(PC) Scott v. Chau et al, No. 1:2019cv01079 - Document 29 (E.D. Cal. 2022)

Court Description: FINDINGS and RECOMMENDATIONS to Dismiss Certain Claims and Defendants, signed by Magistrate Judge Helena M. Barch-Kuchta on 11/18/2022. Objections to F&R due FOURTEEN DAYS. (Marrujo, C)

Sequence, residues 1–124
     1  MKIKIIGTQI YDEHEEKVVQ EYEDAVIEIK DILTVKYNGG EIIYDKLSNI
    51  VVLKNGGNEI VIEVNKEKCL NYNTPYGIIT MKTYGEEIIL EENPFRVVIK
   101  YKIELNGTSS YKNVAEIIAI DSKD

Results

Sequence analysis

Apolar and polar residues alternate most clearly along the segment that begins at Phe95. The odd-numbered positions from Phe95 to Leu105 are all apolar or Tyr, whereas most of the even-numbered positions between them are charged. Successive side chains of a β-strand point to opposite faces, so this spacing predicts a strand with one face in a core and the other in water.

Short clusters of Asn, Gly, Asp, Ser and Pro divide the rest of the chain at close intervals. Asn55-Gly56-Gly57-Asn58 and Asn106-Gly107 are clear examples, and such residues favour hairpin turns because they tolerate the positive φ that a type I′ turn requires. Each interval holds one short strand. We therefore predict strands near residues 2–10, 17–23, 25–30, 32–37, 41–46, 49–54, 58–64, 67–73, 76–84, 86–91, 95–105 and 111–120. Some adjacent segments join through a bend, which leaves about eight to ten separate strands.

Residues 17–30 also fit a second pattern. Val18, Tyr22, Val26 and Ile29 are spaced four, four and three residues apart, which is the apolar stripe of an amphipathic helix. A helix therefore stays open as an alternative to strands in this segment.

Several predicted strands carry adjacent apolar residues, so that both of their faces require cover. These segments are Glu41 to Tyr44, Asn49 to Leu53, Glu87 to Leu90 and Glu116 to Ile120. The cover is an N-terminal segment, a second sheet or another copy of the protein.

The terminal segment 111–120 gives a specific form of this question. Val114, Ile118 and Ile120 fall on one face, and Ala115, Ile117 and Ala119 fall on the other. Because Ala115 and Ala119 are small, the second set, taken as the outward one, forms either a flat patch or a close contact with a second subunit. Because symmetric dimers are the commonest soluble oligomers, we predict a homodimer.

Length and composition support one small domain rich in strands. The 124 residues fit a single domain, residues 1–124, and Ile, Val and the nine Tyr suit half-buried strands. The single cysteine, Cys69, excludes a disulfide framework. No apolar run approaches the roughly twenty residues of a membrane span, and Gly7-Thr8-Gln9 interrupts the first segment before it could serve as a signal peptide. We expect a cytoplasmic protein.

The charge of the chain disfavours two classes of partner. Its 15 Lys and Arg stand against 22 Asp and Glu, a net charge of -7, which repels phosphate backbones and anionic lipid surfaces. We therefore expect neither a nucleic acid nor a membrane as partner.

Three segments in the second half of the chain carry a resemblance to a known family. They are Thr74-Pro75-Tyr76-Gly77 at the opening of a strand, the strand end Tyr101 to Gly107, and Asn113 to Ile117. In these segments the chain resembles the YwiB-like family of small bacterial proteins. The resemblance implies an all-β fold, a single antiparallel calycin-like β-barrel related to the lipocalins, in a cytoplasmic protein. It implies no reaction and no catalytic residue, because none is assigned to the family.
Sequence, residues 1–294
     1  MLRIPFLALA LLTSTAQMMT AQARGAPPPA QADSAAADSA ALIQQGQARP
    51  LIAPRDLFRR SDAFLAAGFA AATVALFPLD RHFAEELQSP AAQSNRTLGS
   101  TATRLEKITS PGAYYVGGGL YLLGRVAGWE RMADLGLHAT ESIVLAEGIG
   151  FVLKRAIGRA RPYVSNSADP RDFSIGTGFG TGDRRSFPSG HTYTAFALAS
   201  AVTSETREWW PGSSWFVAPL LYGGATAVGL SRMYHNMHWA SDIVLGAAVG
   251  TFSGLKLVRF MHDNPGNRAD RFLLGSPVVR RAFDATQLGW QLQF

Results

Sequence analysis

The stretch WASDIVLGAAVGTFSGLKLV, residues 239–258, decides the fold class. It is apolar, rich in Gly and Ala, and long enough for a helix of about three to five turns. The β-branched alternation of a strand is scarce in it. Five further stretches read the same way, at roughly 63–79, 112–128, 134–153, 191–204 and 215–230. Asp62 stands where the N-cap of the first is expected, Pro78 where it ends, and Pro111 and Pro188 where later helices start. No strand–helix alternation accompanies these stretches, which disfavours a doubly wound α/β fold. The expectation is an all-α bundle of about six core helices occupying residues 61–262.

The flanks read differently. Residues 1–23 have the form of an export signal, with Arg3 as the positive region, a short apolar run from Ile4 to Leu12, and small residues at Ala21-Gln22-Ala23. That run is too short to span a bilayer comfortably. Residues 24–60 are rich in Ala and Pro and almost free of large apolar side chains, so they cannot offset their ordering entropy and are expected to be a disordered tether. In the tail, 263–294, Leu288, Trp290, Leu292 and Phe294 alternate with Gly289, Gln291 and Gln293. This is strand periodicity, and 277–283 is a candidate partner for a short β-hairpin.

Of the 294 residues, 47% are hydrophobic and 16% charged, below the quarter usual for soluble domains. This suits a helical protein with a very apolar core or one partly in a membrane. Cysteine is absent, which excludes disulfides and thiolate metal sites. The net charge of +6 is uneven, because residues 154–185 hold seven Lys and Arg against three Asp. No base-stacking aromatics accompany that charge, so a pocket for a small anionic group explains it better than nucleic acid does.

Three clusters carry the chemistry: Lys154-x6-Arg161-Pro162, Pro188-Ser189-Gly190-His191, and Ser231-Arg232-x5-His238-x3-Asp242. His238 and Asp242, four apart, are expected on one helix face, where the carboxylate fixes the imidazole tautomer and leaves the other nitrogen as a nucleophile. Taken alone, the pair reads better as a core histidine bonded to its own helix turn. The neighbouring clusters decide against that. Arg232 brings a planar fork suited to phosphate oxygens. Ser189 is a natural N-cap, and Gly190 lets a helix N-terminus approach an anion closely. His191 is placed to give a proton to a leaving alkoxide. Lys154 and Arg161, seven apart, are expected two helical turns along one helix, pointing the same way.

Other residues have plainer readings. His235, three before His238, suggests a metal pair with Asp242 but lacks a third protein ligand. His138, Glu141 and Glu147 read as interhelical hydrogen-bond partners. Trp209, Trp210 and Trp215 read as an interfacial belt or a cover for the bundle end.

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1 2 3 4 5 6 7 8 UNITED STATES DISTRICT COURT 9 FOR THE EASTERN DISTRICT OF CALIFORNIA 10 11 RICKY LEON SCOTT, 12 Plaintiff, 13 v. 14 B. JOHNSON, B. KIBLER, J. KNIGHT, M. VOONG, J. CHAU; and J. MENDEZ, , 15 Case No. 1:19-cv-01079-ADA-HBK (PC) FINDINGS AND RECOMMENDATIONS TO DISMISS CERTAIN CLAIMS AND DEFENDANTS1 FOURTEEN-DAY OBJECTION PERIOD (Doc. No. 28) Defendants. 16 17 Plaintiff, a state prisoner, is proceeding pro se and in forma pauperis in this civil rights 18 action filed under 42. U.S.C. § 1983. Pending before the Court is Plaintiff’s Second Amended 19 Complaint (Doc. No. 28) subject to screening under 28 U.S.C. § 1915A. For the reasons set forth 20 below, the undersigned recommends Plaintiff be permitted to proceed with an Eighth Amendment 21 medical deliberate indifference claim against Defendant Chau but all other non-cognizable claims 22 and Defendants be dismissed. BACKGROUND AND OPERATIVE PLEADING 23 24 A. Procedural Posture 25 Plaintiff initiated this action by filing a civil rights complaint under 42 U.S.C. §1983 on 26 August 5, 2019. (Doc. No. 1). On June 2, 2021, the undersigned issued a screening order and 27 1 28 The undersigned submits these factual findings and recommendations to the District Court pursuant to 28 U.S.C. §636(b)(1)(B) and Local Rule 302 (E.D. Cal. 2022). 1 found Plaintiff’s initial complaint met the low threshold to state a cognizable claim of deliberate 2 indifferent to Plaintiff’s medical needs against Defendant J. Chau stemming from a refusal to treat 3 him for his leg pain but no other claims. (Doc. No. 22). Plaintiff was given the option to either 4 file an amended complaint or notify the court that he was willing to proceed only on his claim for 5 medical deliberate indifference against Defendant Chau. (Id. at 9). Plaintiff was warned that if 6 he chose to file an amended complaint, it must be free-standing and he could not change the 7 nature of the suit by adding new, unrelated claims. (Id.). Plaintiff filed a First Amended 8 Complaint June 28, 2021. (Doc. No. 23, “FAC”). 9 In his FAC, Plaintiff identifies J. Knight, M. Voong, B. Johnson, B. Kibler, and J. Chau as 10 defendants. (Id.). The FAC alleged two claims: (1) Plaintiff’s rights under the Americans 11 Disabilities Act were violated because officials would not grant him a rehearing after he found 12 guilty of a rule’s violation report (Id. at 3); and Defendant J. Chau was deliberately indifferent to 13 Plaintiff’s serious medical needs (Id. at 4-5). The undersigned found that Plaintiff’s FAC failed 14 to state a claim and gave Plaintiff three options: (1) file a second amended complaint (“SAC), (2) 15 file a notice that he intends to stand on his FAC subject to the undersigned recommending that the 16 district Court dismiss Plaintiff’s action; or (3) file a Notice of Voluntarily Dismissal without 17 prejudice under Federal Rule of Civil Procedure 41(a)(1). (Doc. No. 26 at 10). Plaintiff filed a 18 Second Amended Complaint on September 6, 2022. (Doc. No. 28, “SAC”). 19 B. Summary of SAC 20 Plaintiff identifies the following seven defendants in his SAC: (1) B. Johnson, CC II 21 Counselor and first level reviewer of Plaintiff’s 602 appeal; (2) B. Kibler, Chief Deputy Warden 22 at North Kern State Prison; (3) J. Knight, appeals examiner; (4) M. Voong, Chief of Appeals; (5) 23 J. Chau, medical doctor at North Kern State Prison; and (6) J. Mendez, Correctional Officer at the 24 North Kern State Prison. (Id. at 2-3). 25 At this stage of the proceedings, the Court must accept the Plaintiff’s factual allegations in 26 the SAC as true and construe them in the light most favorable to the Plaintiff. The Court’s review 27 is limited to the complaint, exhibits attached and materials incorporated into the complaint by 28 reference, and matters of which the court may take judicial notice. Petrie v. Elec. Game Card, 2 1 Inc., 761 F.3d 959, 966 (9th Cir. 2014); see also Fed. R. Civ. P. 10(c). Because Plaintiff attaches 2 exhibits to and incorporates the exhibits in the SAC, the Court may consider the exhibits when 3 their authenticity is not questioned. See Lee v. City of Los Angeles, 250 F.3d 668, 688 (9th Cir. 4 2001)(noting at 12(b)(6) stage material properly submitted as part of the complaint may be 5 considered without converting the motion to dismiss to a motion for summary judgment). 6 The SAC is somewhat rambling and disjointed. The body of SAC is mainly comprised of 7 quotes from, and citation to, various cases and statutes. The undersigned summarizes the factual 8 allegations that are interspersed between the case citations and as gleaned from the exhibits 9 attached to the SAC. In summary, Plaintiff was taken to medical department after having fallen 10 near his cell. Plaintiff claims his right knee was swollen and painful and gave out because Dr. 11 Chau issued the wrong meds. A nurse, who examined Plaintiff when he arrived in the medical 12 department, touched his knee and told him it was very “hot” and went to retrieve an ice pack. 13 When she returned with the ice pack, Dr. Chau came out of his office, grabbed the ice pack, and 14 refused to treat Plaintiff. Plaintiff became upset and jumped up. Plaintiff began to argue with 15 Dr. Chau while holding a cane in his hand. Officer Mendez told Plaintiff to stand down and he 16 disobeyed. Plaintiff was issued a Rules Violation Report (“RVR”) for Assault With a Deadly 17 Weapon. Plaintiff acknowledged that he disobeyed the order to stand down and that he may have 18 moved his arms and hand while holding the cane, but denied he ever swung the cane at Dr. Chau. 19 In fact at the hearing, Plaintiff stated “I am guilty of verbal assault but not guilty of a weapons 20 assault.” (Doc. No. 28 at 13). After a hearing, Plaintiff was found guilty of the RVR. Plaintiff 21 was assessed 360 days forfeiture of credit for a Division A-1 offense and 10 days loss of 22 recreation yard privileges. (Id.). Plaintiff appealed the RVR. (Id. at 17-18). Plaintiff appeals 23 were denied at the Second and Third Level of Review. (Id. at 20-24). 24 Liberally construed, the SAC attempts to set forth three claims. Plaintiff’s first two claims 25 are comingled. Essentially Plaintiff argues his rights under the Due Process Clause and under the 26 Americans with Disabilities Act (“ADA”) were violated by all named Defendants who were 27 involved in his RVR and the appeal thereof because the RVR was false and he was refused an 28 opportunity for a rehearing on his finding of guilt. (Id. at 3-6). Plaintiff also asserts a claim of 3 1 deliberate indifference against his serious medical needs in violation of the Eighth Amendment as 2 to Defendants Chau and Mendez. (Id. at 6-10). 3 As relief, Plaintiff seeks “…damages caused for recklessness or serious indifferences to 4 my rights as well as for ‘evil intent.’” Plaintiff also seeks an order to officials to have “the A-1 5 offense dropped to ‘F’ type offense.” (Id. at 10). Finally, Plaintiff requests to be transferred to 6 an institution in the California Department of Corrections that has the best medical care. (Id.). 7 8 9 APPLICABLE LAW Because Plaintiff commenced this action while he was incarcerated, he is subject to the Prison Litigation Reform Act (“PLRA”), that requires, inter alia, that the court screen a complaint 10 that seeks relief against a governmental entity, its officers, or its employees under 28 U.S.C. § 11 1915A before directing service upon any defendant. This requires the court to identify any 12 cognizable claims and dismiss any portion of the complaint that is frivolous or malicious, that 13 fails to state a claim upon which relief may be granted, or that seeks monetary relief from a 14 defendant who is immune from such relief. See 28 U.S.C. §§ 1915A(b)(1), (2); see also 28 15 U.S.C. § 1915(e)(2)(b)(ii) (governing actions proceeding in forma pauperis). 16 At the screening stage, the court accepts the factual allegations in the complaint as true, 17 Hosp. Bldg. Co. v. Rex Hosp. Tr., 425 U.S. 738, 740 (1976), construes the complaint in the light 18 most favorable to the plaintiff and resolves all doubts in the plaintiff’s favor. Jenkins v. 19 McKeithen, 395 U.S. 411, 421 (1969); Bernhardt v. L.A. County, 339 F.3d 920, 925 (9th Cir. 20 2003). The court is not required to accept as true conclusory allegations, unreasonable inferences, 21 or unwarranted deductions of fact. Western Mining Council v. Watt, 643 F.2d 618, 624 (9th Cir. 22 1981). Critical to evaluating a constitutional claim is whether it has an arguable legal and factual 23 basis. See Jackson v. Arizona, 885 F.2d 639, 640 (9th Cir. 1989); Franklin, 745 F.2d at 1227. 24 The Federal Rules of Civil Procedure require only that the complaint contain “a short and 25 plain statement of the claim showing the pleader is entitled to relief. . . .” Fed. R. Civ. P. 8(a)(2). 26 Nonetheless, a claim must be facially plausible to survive screening, which requires sufficient 27 factual detail to allow the court to reasonably infer that each named defendant is liable for the 28 misconduct alleged. Ashcroft v. Iqbal, 556 U.S. 662, 678 (2009); Moss v. U.S. Secret Service, 4 1 572 F.3d 962, 969 (9th Cir. 2009). The sheer possibility that a defendant acted unlawfully is not 2 sufficient, and mere consistency with liability falls short of satisfying the plausibility standard. 3 Iqbal, 556 U.S. at 678 ; Moss, 572 F.3d at 969. Although detailed factual allegations are not 4 required, “[t]hreadbare recitals of the elements of a cause of action, supported by mere conclusory 5 statements, do not suffice,” Iqbal, 556 U.S. at 678 (citations omitted), and courts “are not required 6 to indulge unwarranted inferences,” Doe I v. Wal-Mart Stores, Inc., 572 F.3d 677, 681 (9th Cir. 7 2009) (internal quotation marks and citation omitted). 8 Finally, the Rules permit a complaint to include all related claims against a party and 9 permit joinder of all defendants alleged to be liable for the “same transaction, occurrence, or 10 series of transactions or occurrences” where “any question of law or fact common to all 11 defendants will arise in the action.” Fed. R. Civ. P. 18(a) and 20(a)(2) (emphasis added). But the 12 Rules do not permit conglomeration of unrelated claims against unrelated defendants in a single 13 lawsuit. Unrelated claims must be filed in separate lawsuits. 14 If an otherwise deficient pleading could be cured by the allegation of other facts, the pro 15 se litigant is entitled to an opportunity to amend their complaint before dismissal of the action. 16 See Lopez v. Smith, 203 F.3d 1122, 1127-29 (9th Cir. 2000) (en banc); Lucas v. Department of 17 Corr., 66 F.3d 245, 248 (9th Cir. 1995). However, it is not the role of the Court to advise a pro se 18 litigant on how to cure the defects. Such advice “would undermine district judges’ role as 19 impartial decisionmakers.” Pliler v. Ford, 542 U.S. 225, 231 (2004); see also Lopez, 203 F.3d at 20 1131 n.13. 21 22 ANALYSIS The gravamen of Plaintiff’s ADA and Due Process Clause claims stem from Plaintiff’s 23 finding of guilt for the RVR. In conclusory terms, Plaintiff states he “was excluded from 24 participation in (602’s Appeals process) or denied the benefits of the public entity’s services, 25 programs, or activities; was otherwise ‘discriminated’ against by the California Dep’t of 26 Correction(s) 602-Appeal’s Officials.” (Id. at 4) (emphasis in original). Plaintiff also states he 27 was eligible for a lower-level rules violation claiming that he lost more credit than he what was 28 warranted for his actions. (Id. at 4-5). Additionally, Plaintiff asserts his Rules Violation Report 5 1 is false. (Id. at 4). Essentially, Plaintiff argues his rights were violated because he was not 2 allowed a rehearing after he was found guilty of the RVR. (Id. at 4) (stating “B. Kibler, Deputy 3 Warden Stated, “Be advised, the appeal process is not intended to be a forum to rehear your 4 R.V.R., ‘untrue.’”) (emphasis in original). In support his ADA claim, Plaintiff asserts that both of 5 his legs were swollen “like he had Elephantiasis.” (Id. at 5). As noted above, Plaintiff attaches as 6 exhibits to his SAC, CDCR 837-C Form for a Crime/Incident Report (Id. at 12-13); documents 7 showing the appeals process of his Rules Violation Report (Id. at 15-24); and printout summary 8 of his disabilities and accommodations (Id. at 26). While Plaintiff comingles his ADA and Due 9 Process Clause claims into a single claim, the undersigned analyzes them separately. 10 The SAC Fails to State an ADA Claim 11 The SAC makes a passing reference to the ADA, but otherwise fails to allege any facts to 12 support a claim under the American with Disabilities Act. Title II of the ADA provides that “no 13 qualified individual with a disability shall, by reason of such disability, be excluded from 14 participation in or be denied the benefits of the services, programs, or activities of a public entity, 15 or be subject to discrimination by such entity.” 42 U.S.C. § 12132. “The term ‘services, 16 programs, or activities’ as used in the ADA is . . . broad, ‘bringing within its scope anything a 17 public entity does.’” Fortyune v. City of Lomita, 766 F.3d 1098, 1101 (9th Cir. 2014) (quoting 18 Barden v. City of Sacramento, 292 F.3d 1073, 1076 (9th Cir. 2002)). 19 20 21 22 23 24 To state a claim under Title II of the ADA, plaintiff must allege that: (1) he “is an individual with a disability;” (2) he “is otherwise qualified to participate in or receive the benefit of some public entity’s services, programs, or activities;” (3) he “was either excluded from participation in or denied the benefits of the public entity’s services, programs, or activities, or was otherwise discriminated against by the public entity;” and (4) “such exclusion, denial of benefits, or discrimination was by reason of [his] disability.” 25 McGary v. City of Portland, 386 F.3d 1259, 1265 (9th Cir. 2004) (alteration in original). 26 The proper defendant in an ADA action is the public entity responsible for the alleged 27 discrimination. U.S. v. Georgia, 546 U.S. 151, 153 (2006). 28 Here, the SAC contains only recitation to various cases and statutes but is otherwise 6 1 devoid of any factual allegations supporting an ADA claim. Although Plaintiff states he uses a 2 cane and provide a print out of his “Disability Assistance,”2 the SAC is otherwise devoid of any 3 facts as to what benefit Plaintiff was qualified to participate in or receive from CDCR, how he 4 was excluded from participation or denied such a benefit, and how such exclusion or denial of 5 benefit or discrimination was because of his disability. (See generally Doc. No. 28). Thus, the 6 undersigned finds no cognizable ADA claim is stated in the SAC. 7 The SAC Fails to State Any Claim Regarding the RVR 8 Plaintiff’s claim that the RVR was false fails to state a cognizable constitutional claim. 9 The filing of a false RVR by a prison official against a prisoner is not a per se violation of 10 the prisoner’s constitutional rights. See Muhammad v. Rubia, No. C08-3209 JSW PR, 2010 WL 11 1260425, at *3 (N.D. Cal. Mar. 29, 2010) (“[A] prisoner has no constitutionally guaranteed 12 immunity from being falsely or wrongly accused of conduct which may result in the deprivation 13 of a protected liberty interest. As long as a prisoner is afforded procedural due process in the 14 disciplinary hearing, allegations of a fabricated charge fail to state a claim under § 1983.”) 15 (internal citation omitted)), aff’d 453 F. App’x 751 (9th Cir. 2011); Harper v. Costa, No. 16 CIVS07-2149 LKK DAD P, 2009 WL 1684599, at *2-3 (E.D. Cal. June 16, 2009) (“Although the 17 Ninth Circuit has not directly addressed this issue in a published opinion, district courts 18 throughout California . . . have determined that a prisoner’s allegation that prison officials issued 19 a false disciplinary charge against him fails to state a cognizable claim for relief under § 1983.”), 20 aff’d 393 F. App’x 488 (9th Cir. 2010). Thus, even assuming that the disciplinary report was 21 false, it does not state a standalone constitutional claim. Canovas v. California Dept. of 22 Corrections, 2:14-cv-2004 KJN P, 2014 WL 5699750, n.2 (E.D. Cal. 2014); Lee v. Whitten, 2:12- 23 cv-2104 GEB KJN P, 2012 WL 4468420, *4 (E.D. Cal. 2012). “[T]he fact that a prisoner may 24 have been innocent of disciplinary charges brought against him and incorrectly held in 25 administrative segregation does not raise a due process issue. The Constitution demands due 26 27 28 2 According to the exhibit Plaintiff must be housed on the ground floor, in a lower bunk, has lifting restrictions of no more than 19 pounds, wears a mobility vest, eye glasses, and has a walker. (Doc. No. 28 at 26). 7 1 process, not error-free decision-making.” Jones v. Woodward, 2015 WL 1014257, *2 (E.D. Cal. 2 2015) (citing Ricker v. Leapley, 25 F.3d 1406, 1410 (8th Cir. 1994); McCrae v. Hankins, 720 3 F.2d 863, 868 (5th Cir. 1983)); see also Freeman v. Rideout, 808 F.2d 949, 951 (2d Cir. 1986) 4 (holding that the filing of a false disciplinary charge against a prisoner is not actionable under § 5 1983 if prison officials provide the prisoner with procedural due process protections).. 6 Instead, there are only two ways for an inmate who alleges he has been subjected to a 7 false disciplinary report to state a cognizable civil rights claim: (1) when the prisoner alleges that 8 the false disciplinary report was filed in retaliation for his exercise of a constitutional right; and 9 (2) when the prisoner alleges that he or she was not afforded procedural due process in a 10 proceeding concerning a false report. Richardson v. Tuman, No. 1:18-CV-01166-EPG-PC, 2019 11 WL 669569, at *6 (E.D. Cal. Feb. 19, 2019); see Hines v. Gomez, 108 F.3d 265, 269 (9th Cir. 12 1997) (“[T]his court has reaffirmed that prisoners may still base retaliation claims on harms that 13 would not raise due process concerns.”). More specifically, when a prisoner faces disciplinary 14 charges, prison officials must provide the prisoner with (1) a written statement at least twenty- 15 four hours before the disciplinary hearing that includes the charges, a description of the evidence 16 against the prisoner, and an explanation for the disciplinary action taken; (2) an opportunity to 17 present documentary evidence and call witnesses, unless calling witnesses would interfere with 18 institutional security; and (3) legal assistance where the charges are complex or the inmate is 19 illiterate. See Wolff v. McDonnell, 418 U.S. 539, 563-70 (1974). 20 Neither of these situations are applicable here. The SAC contains no facts that the false 21 RVR was filed in retaliation for Plaintiff’s exercise of a constitutional right. See Tuman, No. 22 1:18-CV-01166-EPG-PC, 2019 WL 669569, at *6. Further, although Plaintiff states he was 23 denied the opportunity to appeal the RVR, the exhibits belie this allegation. While the Court 24 accepts the factual allegations in the SAC as true, it need not accept as true allegations that 25 contradict matters properly subject to judicial notice or by exhibit. See Mullis v. United States 26 Bankr. Ct., 828 F.2d 1385, 1388 (9th Cir.1987); Sprewell v. Golden State Warriors, 266 F.3d 27 979, 988 (9th Cir.), opinion amended on denial of reh’g, 275 F.3d 1187 (9th Cir. 2001). The 28 exhibit to Plaintiff’s SAC demonstrates Plaintiff had a hearing, an opportunity to call witnesses 8 1 and appeared at his hearing on the RVR. Thereafter, Plaintiff had an opportunity to challenge the 2 finding of guilt and participate in the appeals process. (Doc. No. 28 at 12-25). Plaintiff does not 3 allege that he was denied advance notice of the charge(s) against him, an opportunity to present 4 evidence and call witnesses, or a written statement of the evidence relied upon and reasons for the 5 imposed discipline. Plaintiff also does not allege that the disciplinary decision lacked “some 6 evidence.” Instead, Plaintiff complains that he was not afforded a rehearing on his RVR— 7 essentially seeking a new trial. The undersigned has located no caselaw that requires correctional 8 institutions to afford an inmate a rehearing. Nor do the due process safeguards set forth in Wolff 9 command a second bite at the apple. Thus, the undersigned finds the SAC fails to articulate any 10 constitutional violation in relation to the RVR. 11 Eighth Amendment Medical Deliberate Indifference Claim as to Chau Only 12 To state a claim for medical deliberate indifference, plaintiff must allege that the medical 13 need was “serious” by demonstrating that a failure to treat “could result in further significant 14 injury or the unnecessary and wanton infliction of pain.” Jett, 439 F.3d at 1096 (internal 15 quotation marks and citations omitted). And plaintiff must show that defendants’ response was 16 deliberately indifferent by alleging that “the course of treatment the [medical officials] chose was 17 medically unacceptable under the circumstances and that the defendants chose this course in 18 conscious disregard of an excessive risk to the plaintiff's health.” Hamby v. Hammond, 821 F.3d 19 1085, 1092 (9th Cir. 2016). Deliberate indifference is a higher standard than medical negligence 20 or malpractice, and a difference of opinion between medical professionals—or between a 21 physician and the prisoner—generally does not amount to deliberate indifference. See generally 22 Toguchi v. Chung, 391 F.3d 1051 (9th Cir. 2004). Misdiagnosis alone is not a basis for a claim, 23 see Wilhelm v. Rotman, 680 F.3d 1113, 1123 (9th Cir. 2012), and a “mere delay” in treatment, 24 “without more, is insufficient to state a claim of deliberate medical indifference,” Shapley v. 25 Nevada Bd. of State Prison Comm’rs, 766 F.2d 404, 407 (9th Cir. 1985). Plaintiff must show that 26 a delay “would cause significant harm and that Defendants should have known this to be the 27 case.” Hallett v. Morgan, 296 F.3d 732, 746 (9th Cir. 2002). A decision to avoid more effective 28 medical treatment without a basis on professional judgment and instead based solely on cost may 9 1 amount to deliberate indifference. Estelle, 429 U.S. at 104; see also Johnson v. Doughty, 433 F.3d 2 1001, 1019 (7th Cir. 2006) (discussing that cost-based decisions may amount to deliberate 3 indifference in prisoner medical cases). 4 The SAC attributes Eighth Amendment liability to Defendant Chau for his refusal to treat 5 Plaintiff’s “hot” swollen right knee. (Doc. No. 28 at 8). According to the SAC, Plaintiff was 6 brought to the medical center in a wheelchair because he was found on the floor of his cell. (Id. 7 at 7). Plaintiff states he was on the floor because his leg could no longer hold him upright. (Id.). 8 Plaintiff claims that his right knee was swollen and hot. (Id. at 7-8). Further, Plaintiff asserts that 9 he had a medical condition that Defendant Chau was aware of, and the swollen and hot right knee 10 was caused by Defendant Chau changing Plaintiff’s prescription for pain medication. (Id. at 8). 11 As the nurse was bringing Plaintiff an ice pack for his knee after she examined him, Plaintiff 12 claims Defendant Chau took the ice pack from her and said, “he wasn’t allowing [Plaintiff] any 13 treatment.” (Id., emphasis added). 14 The undersigned recommends that the SAC be permitted to proceed on an Eighth 15 Amendment medical deliberate indifference claim against defendant Chau. Plaintiff asserts that 16 he had a serious medical condition—his legs could no longer hold him upright, his right knee was 17 hot and swollen, and correctional officials transported Plaintiff to the medical department via a 18 wheelchair. At this stage of the process, the Court finds Plaintiff’s hot swollen leg qualifies as a 19 serious medical condition, especially since it is alleged that it caused Plaintiff to fall and 20 correctional officials deemed it serious enough to bring Plaintiff to the medical department by 21 wheelchair. Despite his apparent serious medical condition, Defendant Chau prevented a nurse 22 from giving Plaintiff an ice pack and then refused to render any medical treatment to Plaintiff. 23 Particularly troubling is that Defendant Chau refused to permit the nurse to give Plaintiff the ice 24 pack without even examining the Plaintiff’s leg. At the screening stage, and accepting the 25 allegations as true, the above facts plausibly state a claim of deliberate indifference to Plaintiff’s 26 serious medical needs as to Defendant Chau to survive the “low threshold” for a sua sponte 27 screening pursuant to 28 U.S.C. §§ 1915(e)(2) and 1915A(b). See Wilhelm, 680 F.3d at 1123; 28 Colwell v. Bannister, 763 F.3d 1060, 1066 (9th Cir. 2014) (“Deliberate indifference ‘may appear 10 1 when prison official deny, delay or intentionally interfere with medical treatment, or it may be 2 shown in the way in which prison physicians provide medical care.’” (quoting Hutchinson v. 3 United States, 838 F.2d 390, 394 (9th Cir. 1988)). 4 The undersigned, however, finds the SAC fails to state a cognizable medical deliberate 5 indifference claim against Defendant Mendez. As it relates to Defendant Mendez, the SAC 6 alleges only that Defendant Mendez told Plaintiff to “stand down” after he jumped off the table 7 and began arguing with Dr. Chau. Plaintiff suggests Defendant Mendez acted with deliberate 8 indifference to his serious medical needs by not intervening when Defendant Chau did not allow 9 Plaintiff to have an ice pack. There are no allegations that Defendant Mendez, who is not a 10 medical professional but a correctional officer, had the authority to order Dr. Chau to treat 11 Plaintiff. Nor are there any allegations that Defendant Mendez had knowledge of Plaintiff’s 12 serious medical condition where there was a substantial risk of serious harm to Plaintiff and 13 disregarded the excessive risk to Plaintiff’s health. 14 FINDINGS AND RECOMMENDATIONS 15 Based on the above, the undersigned finds Plaintiff’s SAC states a cognizable claim 16 against Defendant Chau for deliberate indifference of his serious medical needs in violation of the 17 Eighth Amendment. The SAC otherwise fails to state any other cognizable claims against any 18 other defendants. Despite being provided with relevant pleading and legal standards, and 19 multiple opportunities, Plaintiff has been unable to cure the remaining deficiencies and further 20 leave to amend is not warranted. Lopez v. Smith, 203 F.3d 1122, 1130 (9th Cir. 2000). 21 22 Accordingly, it is RECOMMENDED: 1. This action proceeds on Plaintiff’s Second Amended Complaint against Defendant Chau 23 on Plaintiff’s Eighth Amendment medical deliberate indifference claim against Defendant 24 Chau. (Doc. No. 28). 25 26 27 28 2. All other claims and Defendants be dismissed from this action based on Plaintiff’s failure to state claims upon which relief may be granted. NOTICE TO PARTIES These findings and recommendations will be submitted to the United States District Judge 11 1 assigned to the case, pursuant to the provisions of 28 U.S.C. § 636(b)(1). Within fourteen days 2 after being served with these findings and recommendations, a party may file written objections 3 with the Court. The document should be captioned “Objections to Magistrate Judge’s Findings 4 and Recommendations.” Parties are advised that failure to file objections within the specified 5 time may result in the waiver of rights on appeal. Wilkerson v. Wheeler, 772 F.3d 834, 838-39 6 (9th Cir. 2014) (citing Baxter v. Sullivan, 923 F.2d 1391, 1394 (9th Cir. 1991)). 7 8 9 Dated: November 18, 2022 HELENA M. BARCH-KUCHTA UNITED STATES MAGISTRATE JUDGE 10 11 12 13 14 15 16 17 18 19 20 21 22 23 24 25 26 27 28 12